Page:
Gareth Bale doesn’t need protection from Premier League defenders, he’s in need of greater protection from referees who continue to make incorrect decisions involving him and so are tarnishing his reputation by accusing him of ‘diving’ and so by association of being a “cheat”.
Life is full of ups and downs as Gareth Bale is again discovering. Having made headlines with his match winning hat-trick against Aston Villa, he now finds himself the centre of attention having been booked at Sunderland for ‘simulation’. This is his third yellow card for ‘diving’ in recent weeks and brings his yellow cards to five and an automatic suspension for the New Year’s Day match at home to Reading.
Controversy – Justice for Bale
The only controversial moment in the game with Sunderland at the Stadium of Light came ten minutes from the end. It was the booking of Gareth Bale for ‘diving’ in the penalty area. Emmanuel Adebayor had played Bale into the area and as the Welshman went past Gardner, the defender’s knee made contact with the back of Bale’s leg. Bale went down expecting a penalty but Martin Atkinson in his wisdom decided to issue a yellow card to Bale for ‘simulation’.
Bale has been booked for ‘diving’ on three times since the end of November but on each occasion there was contact – he was fouled and so incorrectly booked. He was booked against Liverpool when Daniel Agger brought him down and against Fulham in the next match when Sidwell made contact.
Bookings can not be appealed so Tottenham and Bale have to accept the situation. If Mr Atkinson, however, having seen the replays realises his error of judgement, he should acknowledge it, hold up his hands and say,” I was wrong.” The booking won’t be rescinded but at least the official would be taking a step to righting the wrong of tarnishing Bale’s reputation.
Let’s get this straight from the outset; Gareth Bale did not dive in the incident when he was booked in the match against Sunderland. He therefore should not have been booked and should not be missing the game against Reading. The slow motion replays clearly show that the defender pushed his knee into the side of Gareth’s as he raced past him. This unbalanced him and would make anyone stagger. The ball had already passed the defender and was still under Gareth’s control. In addition to that, the defender placed his arm across Gareth’s chest, impeding him. This may have been deliberate. If it was, Tottenham should have had a penalty. If the referee feels it was not deliberate, then he is perhaps at liberty not to penalise the defender but there is no justification in penalising Gareth whatsoever. It does not matter whether he stumbled and kept going or did a triple somersault with pike because the impact had already taken place. Gareth was not pretending he had been hit; he had been hit, on the knee and chest. For me, that does not mean we should be berating the referee. Anyone can make a mistake. It is unfortunate though that this has apparently happened to Gareth 3 times recently. He is getting a reputation that is not deserved. The referee or an independent panel should be allowed to review the video evidence and admit he made a mistake, or invited to explain how the two points of contact without getting near the ball did not count. The yellow card should be rescinded.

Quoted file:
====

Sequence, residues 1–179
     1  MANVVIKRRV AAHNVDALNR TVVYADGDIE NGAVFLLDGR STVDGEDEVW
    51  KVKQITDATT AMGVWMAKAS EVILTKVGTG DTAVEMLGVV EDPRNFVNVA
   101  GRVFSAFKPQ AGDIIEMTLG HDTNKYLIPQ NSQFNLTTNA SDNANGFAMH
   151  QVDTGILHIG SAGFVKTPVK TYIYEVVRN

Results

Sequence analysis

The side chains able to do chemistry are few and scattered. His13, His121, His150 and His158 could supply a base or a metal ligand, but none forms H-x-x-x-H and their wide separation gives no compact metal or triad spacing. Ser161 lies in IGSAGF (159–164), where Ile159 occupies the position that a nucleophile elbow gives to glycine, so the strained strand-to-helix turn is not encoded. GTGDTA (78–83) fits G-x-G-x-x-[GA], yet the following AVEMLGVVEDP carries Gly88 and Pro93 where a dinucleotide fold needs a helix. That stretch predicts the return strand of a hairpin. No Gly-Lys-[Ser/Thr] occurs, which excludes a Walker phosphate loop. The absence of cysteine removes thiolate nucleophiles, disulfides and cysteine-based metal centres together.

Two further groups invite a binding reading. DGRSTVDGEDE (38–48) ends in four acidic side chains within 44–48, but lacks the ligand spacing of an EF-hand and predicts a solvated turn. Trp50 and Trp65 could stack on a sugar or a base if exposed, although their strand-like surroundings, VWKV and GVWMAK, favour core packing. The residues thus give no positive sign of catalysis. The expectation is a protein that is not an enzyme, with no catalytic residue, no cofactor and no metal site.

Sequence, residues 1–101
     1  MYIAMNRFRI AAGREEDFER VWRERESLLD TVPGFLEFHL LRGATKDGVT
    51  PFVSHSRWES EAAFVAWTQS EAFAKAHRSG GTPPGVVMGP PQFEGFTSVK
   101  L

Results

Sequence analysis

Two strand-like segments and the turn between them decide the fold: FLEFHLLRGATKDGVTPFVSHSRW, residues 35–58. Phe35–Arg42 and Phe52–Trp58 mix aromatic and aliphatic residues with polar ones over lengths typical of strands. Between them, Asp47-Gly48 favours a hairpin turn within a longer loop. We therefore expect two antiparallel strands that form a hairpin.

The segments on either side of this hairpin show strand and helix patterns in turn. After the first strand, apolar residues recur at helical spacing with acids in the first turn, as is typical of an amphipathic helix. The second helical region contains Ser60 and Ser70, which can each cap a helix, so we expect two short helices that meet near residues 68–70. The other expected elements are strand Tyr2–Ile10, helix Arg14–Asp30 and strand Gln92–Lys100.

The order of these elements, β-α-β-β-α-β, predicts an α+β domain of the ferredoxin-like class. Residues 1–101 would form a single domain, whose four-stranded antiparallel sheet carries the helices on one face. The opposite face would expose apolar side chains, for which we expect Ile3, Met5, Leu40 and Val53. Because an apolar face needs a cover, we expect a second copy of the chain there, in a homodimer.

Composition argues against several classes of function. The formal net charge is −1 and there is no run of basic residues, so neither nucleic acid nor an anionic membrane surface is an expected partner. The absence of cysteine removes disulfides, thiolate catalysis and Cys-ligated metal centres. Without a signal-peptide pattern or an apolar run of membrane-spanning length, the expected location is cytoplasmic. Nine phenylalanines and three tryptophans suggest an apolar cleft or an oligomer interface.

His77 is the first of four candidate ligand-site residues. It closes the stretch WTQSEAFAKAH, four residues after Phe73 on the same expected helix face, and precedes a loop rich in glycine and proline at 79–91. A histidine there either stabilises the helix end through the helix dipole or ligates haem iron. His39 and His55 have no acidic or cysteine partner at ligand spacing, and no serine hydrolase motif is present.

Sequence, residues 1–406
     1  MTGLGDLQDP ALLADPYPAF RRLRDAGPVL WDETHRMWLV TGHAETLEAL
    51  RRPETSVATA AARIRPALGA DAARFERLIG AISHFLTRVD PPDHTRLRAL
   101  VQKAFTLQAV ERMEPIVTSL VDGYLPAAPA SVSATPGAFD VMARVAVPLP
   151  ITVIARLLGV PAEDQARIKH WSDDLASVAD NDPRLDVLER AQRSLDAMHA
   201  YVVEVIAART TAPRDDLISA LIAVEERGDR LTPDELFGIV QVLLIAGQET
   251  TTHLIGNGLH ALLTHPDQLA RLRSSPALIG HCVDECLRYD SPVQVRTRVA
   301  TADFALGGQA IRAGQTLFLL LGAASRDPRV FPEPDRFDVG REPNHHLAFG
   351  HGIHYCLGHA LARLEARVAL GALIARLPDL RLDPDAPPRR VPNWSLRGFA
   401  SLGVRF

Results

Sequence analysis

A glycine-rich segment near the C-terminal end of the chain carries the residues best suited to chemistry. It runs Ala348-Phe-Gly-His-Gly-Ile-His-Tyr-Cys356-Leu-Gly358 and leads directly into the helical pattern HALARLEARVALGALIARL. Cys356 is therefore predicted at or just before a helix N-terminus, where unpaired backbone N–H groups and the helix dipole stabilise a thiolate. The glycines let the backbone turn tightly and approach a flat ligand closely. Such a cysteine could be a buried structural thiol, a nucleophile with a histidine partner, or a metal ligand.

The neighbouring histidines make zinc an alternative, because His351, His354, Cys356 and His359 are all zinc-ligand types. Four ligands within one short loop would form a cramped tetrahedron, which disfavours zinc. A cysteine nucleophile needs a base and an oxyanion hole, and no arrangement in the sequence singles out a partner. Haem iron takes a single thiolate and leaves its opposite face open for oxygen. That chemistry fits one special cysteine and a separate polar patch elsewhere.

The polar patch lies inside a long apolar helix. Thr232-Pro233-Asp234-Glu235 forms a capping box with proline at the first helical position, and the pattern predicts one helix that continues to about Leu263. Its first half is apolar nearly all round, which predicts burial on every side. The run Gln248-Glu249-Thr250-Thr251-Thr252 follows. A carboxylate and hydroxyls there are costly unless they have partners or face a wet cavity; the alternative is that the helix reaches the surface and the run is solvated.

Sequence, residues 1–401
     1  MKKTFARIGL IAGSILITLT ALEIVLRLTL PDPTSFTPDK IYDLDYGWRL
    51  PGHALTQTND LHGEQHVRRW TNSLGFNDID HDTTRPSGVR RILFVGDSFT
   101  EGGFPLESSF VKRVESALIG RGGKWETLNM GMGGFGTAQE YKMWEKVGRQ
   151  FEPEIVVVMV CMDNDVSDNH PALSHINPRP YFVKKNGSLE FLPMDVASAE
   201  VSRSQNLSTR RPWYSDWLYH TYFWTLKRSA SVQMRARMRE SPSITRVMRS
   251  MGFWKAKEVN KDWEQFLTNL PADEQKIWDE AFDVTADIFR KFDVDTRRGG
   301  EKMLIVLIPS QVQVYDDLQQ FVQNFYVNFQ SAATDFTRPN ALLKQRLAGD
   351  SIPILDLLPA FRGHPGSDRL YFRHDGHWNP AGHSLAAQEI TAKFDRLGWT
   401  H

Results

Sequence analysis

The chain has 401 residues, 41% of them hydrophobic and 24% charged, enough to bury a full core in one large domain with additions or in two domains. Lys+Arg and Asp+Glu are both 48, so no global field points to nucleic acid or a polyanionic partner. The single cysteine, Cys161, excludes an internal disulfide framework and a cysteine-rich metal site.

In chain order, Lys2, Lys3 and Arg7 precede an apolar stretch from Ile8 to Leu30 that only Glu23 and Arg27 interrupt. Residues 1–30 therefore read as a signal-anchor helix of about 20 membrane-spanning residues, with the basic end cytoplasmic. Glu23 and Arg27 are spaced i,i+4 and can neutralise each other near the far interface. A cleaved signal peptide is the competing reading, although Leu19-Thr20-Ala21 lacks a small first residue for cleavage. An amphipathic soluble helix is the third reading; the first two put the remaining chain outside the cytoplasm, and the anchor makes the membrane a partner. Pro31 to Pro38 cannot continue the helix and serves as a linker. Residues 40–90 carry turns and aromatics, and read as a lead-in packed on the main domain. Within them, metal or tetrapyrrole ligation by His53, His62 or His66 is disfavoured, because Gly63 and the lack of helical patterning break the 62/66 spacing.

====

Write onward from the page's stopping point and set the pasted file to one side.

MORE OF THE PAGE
Just to prove this is not just a Tottenham fan’s partisan rant, Jermain Defoe’s dive into the penalty area was just that. He had not been touched. Whether he lost his balance or did it to gain unfair advantage is for the referee to judge. If he thought it was deliberate, we could not complain about a yellow card for Jermain.
Retribution came swiftly
In every match, Bale and Lennon are unceremoniously brought down as they break into the opposition half. The defender takes the booking with a wry smile, knowing that he had done his bit for the team to prevent a possible goal against them. Rarely from the resulting free-kick do Spurs get any benefit, although yesterday, for once, retribution came swiftly with Cuellar’s own goal from the corner conceded after the free-kick. It was pay back time.
Both Bale and his manager, Andre Villas-Boas, spoke on the issue after the Sunderland game and previously former Tottenham star, David Ginola, supported the Welsh midfield player.
Bale defended himself when saying,
“It’s the same thing every time. It’s the third time I’ve been clipped this season and I’ve been booked for no reason again. It’s one of those things. There’s nothing I can do about it. Referees have to look closer I think. If people kick me I’m not going to stop going over as it is a foul.”
Andre Villas-Boas stated at his post-match press conference,
“It’s extremely unfair. It’s obviously a mistake from the referee. Decisions are difficult to be taken when the player is so quick. The problem is that there is some kind of persecution against Bale. Every time he is fouled people have to think twice and today it was the wrong decision.”
Referees fail to realise or take account of the point that when Bale is running at pace, the slightest touch will knock him off balance. As David Ginola said,
“You don’t need a big tackle to go down. A little push would be enough to lose the balance.”
It’s time that the referees took this into account before making their decision. If Bale continues to be hounded, he could decide that he would be better off playing in Spain or somewhere where he he might receive greater protection from the officials. If he were to decide to go, sooner rather than later, he would be a great loss to Tottenham and the Premier League.
David Ginola has previously called for players like Bale to be given greater protection by referees.
“Football is about entertainment. When you have players like that who entertain you week in, week out, you have to protect that. It’s so precious.”
Will Mr Atkinson acknowledge his error of judgement. “No!” Like Mr Dowd (Liverpool match) and Mr Foy (Fulham) before him, he will say nothing.